LOS ANGELES — With the wave of a finger and the strike of a pose, the Tim Darcy-led Ought brought its eclectic style to the Teragram Ballroom for what would end up being a somber and frenetic set.
With the Montreal outfit fresh off releasing Room Inside The World, an album that showed the band could experiment without shedding its character, Ought’s set proved to be surprisingly textured, with the inclusion of more synths and jagged guitar licks by Darcy. The group’s latest singles, “Desire,” “These 3 Things” and “Disaffection,” were elegant in a live setting and were nearly identical to the studio recordings. “Desire” was especially electrifying, even with its serene vibe. Once Darcy uttered the beginning lines, “Didn’t I say to you not too recent/ It was never gonna stay,” the crowd showed its first signs of life. With concertgoers chanting alongside Darcy, mimicking the choir-like, call-and-response effect, the L.A. venue quickly gravitated to wlhat the frontman had to offer.
It was clear why Darcy has drawn comparisons to David Byrne. Aside from his strikingly vocal delivery and yelp, his charm and unassuming extroversion on stage recalled the Talking Heads’ frontman. On tracks like “Habit” and “Men For Miles,” Darcy paired his feverish range with a sway of the hips, expressive pantomime and a smile that lit up the venue. With several utterances of “That’s so sweet,” and affectionate nods of approval toward both his bandmates and fans, it became obvious why people gravitate to Ought and rave about its live performances.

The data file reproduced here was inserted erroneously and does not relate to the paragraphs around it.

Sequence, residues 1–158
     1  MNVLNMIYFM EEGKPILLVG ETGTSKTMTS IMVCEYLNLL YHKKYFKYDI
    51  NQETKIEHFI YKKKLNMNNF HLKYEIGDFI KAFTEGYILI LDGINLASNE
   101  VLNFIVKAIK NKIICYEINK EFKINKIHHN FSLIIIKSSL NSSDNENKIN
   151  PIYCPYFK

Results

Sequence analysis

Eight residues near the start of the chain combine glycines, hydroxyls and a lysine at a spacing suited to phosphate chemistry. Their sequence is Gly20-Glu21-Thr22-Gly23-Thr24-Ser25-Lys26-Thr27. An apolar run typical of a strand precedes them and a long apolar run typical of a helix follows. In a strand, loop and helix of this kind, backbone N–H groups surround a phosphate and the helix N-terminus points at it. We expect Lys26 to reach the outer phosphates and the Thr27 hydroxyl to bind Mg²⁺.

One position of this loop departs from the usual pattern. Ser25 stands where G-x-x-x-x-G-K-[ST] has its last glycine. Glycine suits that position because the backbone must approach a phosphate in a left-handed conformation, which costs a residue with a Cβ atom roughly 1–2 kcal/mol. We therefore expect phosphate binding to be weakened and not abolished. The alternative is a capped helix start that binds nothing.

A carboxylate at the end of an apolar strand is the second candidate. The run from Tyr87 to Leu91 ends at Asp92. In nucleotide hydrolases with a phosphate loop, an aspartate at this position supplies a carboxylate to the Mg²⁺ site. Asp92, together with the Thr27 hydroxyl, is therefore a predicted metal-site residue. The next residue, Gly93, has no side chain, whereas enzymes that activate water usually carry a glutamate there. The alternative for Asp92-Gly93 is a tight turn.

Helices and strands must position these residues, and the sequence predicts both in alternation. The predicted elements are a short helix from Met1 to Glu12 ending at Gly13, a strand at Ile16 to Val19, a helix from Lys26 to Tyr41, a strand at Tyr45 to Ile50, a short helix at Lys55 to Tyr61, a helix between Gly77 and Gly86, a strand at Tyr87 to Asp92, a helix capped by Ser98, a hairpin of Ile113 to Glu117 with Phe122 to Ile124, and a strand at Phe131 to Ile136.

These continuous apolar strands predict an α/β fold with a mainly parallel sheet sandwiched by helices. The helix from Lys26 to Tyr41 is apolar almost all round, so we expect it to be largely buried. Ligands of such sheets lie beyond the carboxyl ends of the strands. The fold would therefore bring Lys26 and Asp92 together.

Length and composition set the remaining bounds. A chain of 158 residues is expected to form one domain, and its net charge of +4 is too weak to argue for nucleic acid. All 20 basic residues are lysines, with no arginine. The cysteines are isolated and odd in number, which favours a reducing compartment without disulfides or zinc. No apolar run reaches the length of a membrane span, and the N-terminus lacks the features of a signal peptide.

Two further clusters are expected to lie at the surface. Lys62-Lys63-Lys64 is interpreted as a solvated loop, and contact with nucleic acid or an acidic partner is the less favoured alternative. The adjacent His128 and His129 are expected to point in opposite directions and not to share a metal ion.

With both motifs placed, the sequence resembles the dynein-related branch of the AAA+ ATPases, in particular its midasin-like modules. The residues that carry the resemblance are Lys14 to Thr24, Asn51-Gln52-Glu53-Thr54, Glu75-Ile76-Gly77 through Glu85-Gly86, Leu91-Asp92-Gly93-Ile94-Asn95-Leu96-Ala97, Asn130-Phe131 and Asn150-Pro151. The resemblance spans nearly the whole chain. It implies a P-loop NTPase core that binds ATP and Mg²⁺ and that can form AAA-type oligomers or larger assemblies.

Ought delved into a mix of each of its first three records. The band began with four tracks from Room Inside The World, while the encore consisted of more frantic cuts off the debut album, More Than Any Other Day: “The Weather Song” and “Today More Than Any Other Day.” Sandwiched between, the band played three of its most popular tracks: “Men For Miles,” “Habit” and “Beautiful Blue Sky.” While short in length, Ought’s set made quite mark.
Up-and-coming post-punk band Flasher opened the show. Comprised of members of Priests, Bless and Big Hush, the Washington D.C. trio proved its worth. Inciting comparisons to B-Boys and Iceage, Flasher’s performance flared toward post-punk-isms, shoegaze and infectious indie rock. The band’s set consisted of two singles it released last year (“Winnie” and Burn Blue) alongside cuts off a 2016 self-titled EP.
Follow writer Kyle Kohner at Twitter.com/kylejkohner.